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  48. Doyne Dawson (1992). Cities of the Gods: Communist Utopias in Greek Thought. OUP USA.score: 18.0
    Cities of the Gods is a historical study of the theory of Utopian communism in ancient Greek thought, identifying and assessing its several currents. The author looks at the reason for the decline of the Utopian traditions after c. 150 BC and suggests that the main factor was the Roman conquest of the Greek world, which produced a more conservative intellectual climate. He concludes by looking at the evidence for the survival of utopian traditions, particularly their influence on early (...)
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  49. Laurence Thomas (1979). Capitalism Versus Marx's Communism. Studies in East European Thought 20 (1):67-79.score: 18.0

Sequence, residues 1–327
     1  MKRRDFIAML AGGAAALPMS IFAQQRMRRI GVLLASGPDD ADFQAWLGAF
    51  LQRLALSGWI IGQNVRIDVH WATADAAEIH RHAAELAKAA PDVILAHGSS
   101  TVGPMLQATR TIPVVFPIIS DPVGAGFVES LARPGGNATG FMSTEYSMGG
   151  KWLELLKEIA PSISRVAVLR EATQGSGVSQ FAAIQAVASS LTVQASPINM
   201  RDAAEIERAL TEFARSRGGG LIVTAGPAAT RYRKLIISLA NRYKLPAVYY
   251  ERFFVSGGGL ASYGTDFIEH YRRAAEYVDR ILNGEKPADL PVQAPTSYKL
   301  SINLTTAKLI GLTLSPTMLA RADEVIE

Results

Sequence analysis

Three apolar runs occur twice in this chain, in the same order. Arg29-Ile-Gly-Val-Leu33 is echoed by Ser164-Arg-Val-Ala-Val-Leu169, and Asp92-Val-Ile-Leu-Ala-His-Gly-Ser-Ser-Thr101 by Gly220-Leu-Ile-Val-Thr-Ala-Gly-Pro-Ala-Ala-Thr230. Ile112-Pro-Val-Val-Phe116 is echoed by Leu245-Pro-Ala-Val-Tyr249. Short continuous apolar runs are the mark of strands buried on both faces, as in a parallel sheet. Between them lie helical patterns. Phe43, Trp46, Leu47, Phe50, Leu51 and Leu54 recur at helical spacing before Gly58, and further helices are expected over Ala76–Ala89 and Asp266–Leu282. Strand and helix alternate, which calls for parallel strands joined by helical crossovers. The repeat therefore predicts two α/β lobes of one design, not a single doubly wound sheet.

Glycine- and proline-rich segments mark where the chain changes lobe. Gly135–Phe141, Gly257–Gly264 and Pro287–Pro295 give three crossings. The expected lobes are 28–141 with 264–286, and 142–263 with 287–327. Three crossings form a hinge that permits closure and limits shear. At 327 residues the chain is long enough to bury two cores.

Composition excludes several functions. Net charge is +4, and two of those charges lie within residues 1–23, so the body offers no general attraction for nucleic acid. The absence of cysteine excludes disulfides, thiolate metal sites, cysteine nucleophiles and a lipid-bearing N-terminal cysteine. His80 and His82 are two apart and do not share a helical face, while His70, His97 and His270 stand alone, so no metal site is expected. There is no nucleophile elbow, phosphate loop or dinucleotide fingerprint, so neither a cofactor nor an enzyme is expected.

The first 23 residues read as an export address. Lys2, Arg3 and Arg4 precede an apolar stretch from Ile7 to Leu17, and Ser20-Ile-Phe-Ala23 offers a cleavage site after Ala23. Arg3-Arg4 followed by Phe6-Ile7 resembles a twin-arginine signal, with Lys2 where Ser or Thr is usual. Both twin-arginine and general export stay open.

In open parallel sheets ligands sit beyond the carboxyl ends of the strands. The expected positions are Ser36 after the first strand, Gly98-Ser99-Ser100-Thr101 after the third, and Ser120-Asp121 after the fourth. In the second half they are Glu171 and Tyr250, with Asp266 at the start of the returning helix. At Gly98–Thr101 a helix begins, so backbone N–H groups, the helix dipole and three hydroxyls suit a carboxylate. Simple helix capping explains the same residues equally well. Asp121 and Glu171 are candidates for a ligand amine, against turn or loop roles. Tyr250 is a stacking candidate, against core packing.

In this paper, I have assessed Marx's criticism of capitalism, and the practice of divided labor, from the standpoint of two important senses of worth which persons can have, namely self-respect and self-esteem. I have tried to show that in either case, Communism, as Marx envisioned it, is not the superior to capitalism he might have supposed. Along the way, I hope to have also shown the importance of distinguishing between two concepts, namely self-respect and self-esteem.
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  50. Brindusa Palade (2000). The Romanian Utopia: The Role of the Intelligentsia in the Communist Implementation of a New Human Paradigm. Critical Review of International Social and Political Philosophy 3 (2-3):107-115.score: 18.0
    (2000). The Romanian utopia: The role of the intelligentsia in the communist implementation of a new human paradigm. Critical Review of International Social and Political Philosophy: Vol. 3, The Philosophy of Utopia, pp. 107-115.